background preloader

BJ Fogg's Behavior Model

BJ Fogg's Behavior Model

Designing Screens Using Cores and Paths Imagine you’re on one side of a grass lawn and you want to reach the bus stop on the opposite side. Do you walk on the sidewalk around the edges or cross in the middle? Assuming the grass is dry and it’s not prohibited, you’d probably take the shortest path and walk across the lawn to the bus stop. If others have done so before, you may see a beaten path that you could follow. Such unplanned paths connect the shortest distance between two points, and we can find them everywhere in our surroundings. Architect Christopher Alexander recognizes desire lines in his renowned book, A Pattern Language (1976)[2]. To lay out paths, first place goals at natural points of interest. In principle, Alexander’s approach is to begin with the goals—the things people ultimately want—and then link them together in the most useful way. Typically in web design, the opposite approach is the rule: designers begin with the homepage. Inspired by “desire lines”, we can reverse this tendency in Web design. 1. 2.

Warm Gun: How to Win Users & Influence Behavior In his How to Win Users & Influence Behavior presentation at the Warm Gun Design conference in San Francisco, CA BJ Fogg walked through how behavior can be systematically understood and used for design. Here’s my notes from his talk. Behavior is systematic. It’s only complicated if you don’t understand how behavior works.Behavior can be designed for: pick the right behaviors to target, design specifically for them, and test your solutions quickly.The behavior equation: b= mat. Behavior happens when motivation, ability, and triggers come together at the same time. Know the Behavior You Want Get clear on the behavior you are trying to target. Think in Terms of the Behavior Model What will motivate people to do what you want?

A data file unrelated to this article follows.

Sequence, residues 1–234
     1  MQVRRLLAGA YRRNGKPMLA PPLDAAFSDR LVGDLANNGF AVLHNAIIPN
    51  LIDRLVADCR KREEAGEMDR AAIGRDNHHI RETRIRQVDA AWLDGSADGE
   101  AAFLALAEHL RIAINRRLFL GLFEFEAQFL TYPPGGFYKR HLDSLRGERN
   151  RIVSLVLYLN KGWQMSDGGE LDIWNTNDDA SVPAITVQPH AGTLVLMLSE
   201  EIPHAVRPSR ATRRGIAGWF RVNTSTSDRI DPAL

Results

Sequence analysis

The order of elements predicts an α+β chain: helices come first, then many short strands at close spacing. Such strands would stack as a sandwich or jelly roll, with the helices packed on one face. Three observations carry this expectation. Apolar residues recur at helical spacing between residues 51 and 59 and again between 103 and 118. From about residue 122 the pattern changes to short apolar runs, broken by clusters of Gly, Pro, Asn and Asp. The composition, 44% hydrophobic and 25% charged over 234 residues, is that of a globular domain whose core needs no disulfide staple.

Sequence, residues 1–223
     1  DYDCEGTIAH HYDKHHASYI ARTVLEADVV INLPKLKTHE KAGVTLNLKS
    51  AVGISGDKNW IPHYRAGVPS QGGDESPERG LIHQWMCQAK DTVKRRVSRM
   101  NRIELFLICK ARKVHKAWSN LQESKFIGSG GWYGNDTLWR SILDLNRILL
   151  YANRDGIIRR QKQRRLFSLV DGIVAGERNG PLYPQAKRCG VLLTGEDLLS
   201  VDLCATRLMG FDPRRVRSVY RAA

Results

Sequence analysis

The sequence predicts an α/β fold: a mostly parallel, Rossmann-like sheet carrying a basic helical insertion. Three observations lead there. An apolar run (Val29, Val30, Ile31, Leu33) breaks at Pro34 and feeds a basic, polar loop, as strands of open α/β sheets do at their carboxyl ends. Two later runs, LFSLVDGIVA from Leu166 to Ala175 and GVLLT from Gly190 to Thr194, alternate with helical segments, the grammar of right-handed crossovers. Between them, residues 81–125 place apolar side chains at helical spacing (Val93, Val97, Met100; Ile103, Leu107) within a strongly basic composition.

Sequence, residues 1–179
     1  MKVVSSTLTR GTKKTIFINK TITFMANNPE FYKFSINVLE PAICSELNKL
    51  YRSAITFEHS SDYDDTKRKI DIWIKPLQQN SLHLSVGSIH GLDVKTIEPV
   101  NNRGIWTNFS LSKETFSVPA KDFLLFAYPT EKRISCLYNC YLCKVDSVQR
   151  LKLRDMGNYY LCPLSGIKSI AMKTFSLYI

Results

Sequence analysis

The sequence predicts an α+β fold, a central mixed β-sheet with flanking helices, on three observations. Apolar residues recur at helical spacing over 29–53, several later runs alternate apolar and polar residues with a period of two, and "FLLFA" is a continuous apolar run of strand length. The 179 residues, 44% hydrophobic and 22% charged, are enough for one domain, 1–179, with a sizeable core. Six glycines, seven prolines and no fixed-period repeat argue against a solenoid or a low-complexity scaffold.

Beyond Wireframing: The Real-Life UX Design Process We all know basic tenets of user-centered design. We recognize different research methods, the prototyping stage, as well as the process of documenting techniques in our rich methodological environment. The question you probably often ask yourself, though, is how it all works in practice? What do real-life UX design processes actually look like? User-Centred Design: Truth Vs. A few years ago, I joined one of the biggest e-commerce companies in Eastern Europe. For the next three years, we worked hard to put user experience design at the heart of a developer-driven culture. To deliver a user interface on time, we were forced to get really lean. Post-launch was the time to measure and plan optimization, which we executed immediately. All in all, our process was simple but efficient. 3Designing the user experience. Suddenly, I started to wonder how others managed to apply UCD. The Reason For Research Link You may wonder what force persuaded me to revise my approach to the design process. 1.

bjfogg: I sketched how motivation works... Illustrating the Big Picture Experience designers use a wide variety of techniques to represent the interactions between individuals, organizations, and systems. Personas are the go-to tool to aggregate a target audience’s traits, intentions, needs, and behaviors; however, they often leave out one of the most critical elements of interaction design: time. As rich as these snapshots may be, people’s needs and even their traits may change over time, and personas start to burst at the seams when it comes to illustrating a full story of engagement. To show personas moving through time, we traditionally use task flows, scenarios, and storyboards. Often these models focus on limited experiences or specific interactions between user and system during a fairly short period of time. Naturally, UX professionals are adapting traditional techniques and creating new ones to express this greater scope of experience. What is Journey Modeling? Journey model of the ‘player’ of a health behavior change game. Creating a Journey Model